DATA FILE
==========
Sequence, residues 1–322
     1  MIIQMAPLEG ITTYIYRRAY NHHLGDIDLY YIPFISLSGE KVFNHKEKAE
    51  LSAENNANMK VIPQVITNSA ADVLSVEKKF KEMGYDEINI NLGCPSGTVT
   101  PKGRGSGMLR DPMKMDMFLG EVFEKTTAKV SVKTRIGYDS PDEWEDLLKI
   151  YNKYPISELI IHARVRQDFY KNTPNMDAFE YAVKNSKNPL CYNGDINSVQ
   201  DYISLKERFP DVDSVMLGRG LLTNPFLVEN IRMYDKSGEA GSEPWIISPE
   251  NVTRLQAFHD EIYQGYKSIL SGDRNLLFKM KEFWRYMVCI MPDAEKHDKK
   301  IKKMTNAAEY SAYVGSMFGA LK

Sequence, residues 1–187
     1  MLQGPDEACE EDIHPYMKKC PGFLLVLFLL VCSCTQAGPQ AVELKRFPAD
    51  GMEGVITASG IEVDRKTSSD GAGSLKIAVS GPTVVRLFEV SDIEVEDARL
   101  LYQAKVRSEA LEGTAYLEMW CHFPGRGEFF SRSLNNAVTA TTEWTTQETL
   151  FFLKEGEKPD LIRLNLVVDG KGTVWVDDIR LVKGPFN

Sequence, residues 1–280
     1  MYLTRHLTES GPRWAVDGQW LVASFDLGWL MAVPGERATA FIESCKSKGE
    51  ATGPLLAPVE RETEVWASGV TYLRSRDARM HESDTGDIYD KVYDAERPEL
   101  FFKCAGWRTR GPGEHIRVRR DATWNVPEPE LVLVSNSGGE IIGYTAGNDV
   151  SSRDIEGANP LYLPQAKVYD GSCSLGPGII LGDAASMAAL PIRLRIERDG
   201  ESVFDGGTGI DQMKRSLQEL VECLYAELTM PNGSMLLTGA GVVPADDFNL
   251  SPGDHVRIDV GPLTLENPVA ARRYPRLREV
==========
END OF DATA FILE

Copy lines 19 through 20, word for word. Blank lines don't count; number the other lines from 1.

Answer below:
   201  ESVFDGGTGI DQMKRSLQEL VECLYAELTM PNGSMLLTGA GVVPADDFNL
   251  SPGDHVRIDV GPLTLENPVA ARRYPRLREV